03 September 2010

September 2010 Prayer Letter

Oftentimes I'm confused living in this foreign land.The culture (way of thinking and doing things) is so different than what I'm used to... even after almost 9 years of living here!

My ministry involves getting very close to folks in long-term and intimate relationships, as we share in one another's homes. Sometimes I feel like everything is a mystery or like I'm moving in a fog.

Am I truly on target with what God wants me to do?

Am I truly living in a Christ-like manner as I interact with the "neighbors" to whom God has connected me?

One day, during a visit with one of my friends in the Matunda area, I kept thinking of the word "mystery". It seemed to almost sum up my 6-year relationship with this person.

That evening I read the following excerpt. God's timing is so very amazing and accurate!
“God is trustworthy even when we can’t see, feel, or hear him. He guides us in decisions and promises never to leave us, even when his guidance takes us into the fog, mystery, and suffering. He is there in the fog, he is active, and he is fulfilling his glorious purposes. Our role is to trust - even if it takes 10 years.”

“Sooner or later, often later, the fog slowly lifts. Things begin to make sense. Understanding replaces confusion. Confidence replaces doubt. Belonging replaces a sense of abandonment. Hope returns. God was there all along, working actively, not only on your behalf but in ways that enrich the many other servants he loves. The fog obscures his presence and his purposes, but when it finally clears, we realize that God has kept all his promises to us (Joshua 21:45). And on those occasions when his people go to their graves with pieces of their past still shrouded in fog, he remains the loving, faithful God worthy of their trust even though the fog never lifted. While not desired, walking in mystery shouldn’t be feared; God, though not visible or audible, walks by our side, and the walk is always worthwhile for the patient, faithful servant.”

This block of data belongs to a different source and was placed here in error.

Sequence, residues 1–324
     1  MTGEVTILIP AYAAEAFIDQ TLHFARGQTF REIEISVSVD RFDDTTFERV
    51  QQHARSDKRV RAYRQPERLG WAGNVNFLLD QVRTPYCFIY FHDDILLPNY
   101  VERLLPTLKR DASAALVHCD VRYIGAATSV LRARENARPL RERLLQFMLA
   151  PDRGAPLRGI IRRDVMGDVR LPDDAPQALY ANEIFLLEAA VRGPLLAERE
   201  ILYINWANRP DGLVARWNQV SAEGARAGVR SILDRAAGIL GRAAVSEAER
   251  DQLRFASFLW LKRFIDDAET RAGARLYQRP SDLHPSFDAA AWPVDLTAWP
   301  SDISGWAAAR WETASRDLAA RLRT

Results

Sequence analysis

-    Duane Elmer (Cross-Cultural Servanthood)

“His legacy had been a few relationships and a lot of fog.”
-Elmer's summary of a missionary that lived in a fog for 10 years, as he closely related with people in a foreign culture. [Elmer goes into detail recounting this man's story in the book.]

Wow, could the same thing be said about me as I approach the 9-year mark in Kenya?

"Deb's legacy was a few close relationships and a lot of fog."

Two evenings later, as I stepped outside to brush my teeth, I happened to look up at the full moon. In front of it was sort of a haze (or a fog). But regardless of the fog, the moon shone so very brightly behind it. Immediately tears came to my eyes, as I contemplated that God is still shining brightly in all his glory - in spite of the mysterious fog that I sometimes feel like I’m surrounded by!

I believe that as I persevere in seeking God's face, His glory will in fact shine through my life!

‎"Please pray that I will do what the Lord wants me to do, not what I want to do. That could be two different things!"
-Chuck McKeag, my mom's neighbor (in rehab therapy for over two months after a massive heart attack)

I echo Chuck's sentiments entirely!

"God's purpose in the cloud is to simplify our belief until our relationship to Him is exactly that of a child. Is the relationship between myself and God getting simpler than ever it has been?"
-Oswald Chambers

Thanks for praying for me in this regard!

My Mud Hut

I recently traveled to the Mtoni/Matunda area for 11 days. I was glad to once again be at my mud hut! I had it built almost exactly 8 years ago!

We had to do some repairs to my door. That's why it looks the way it does in this photo. The roof also leaked, but Nathan was able to add more grass. You may notice that some of it is lighter in color - that's the new grass. It will eventually darken in color to match the rest of the roof.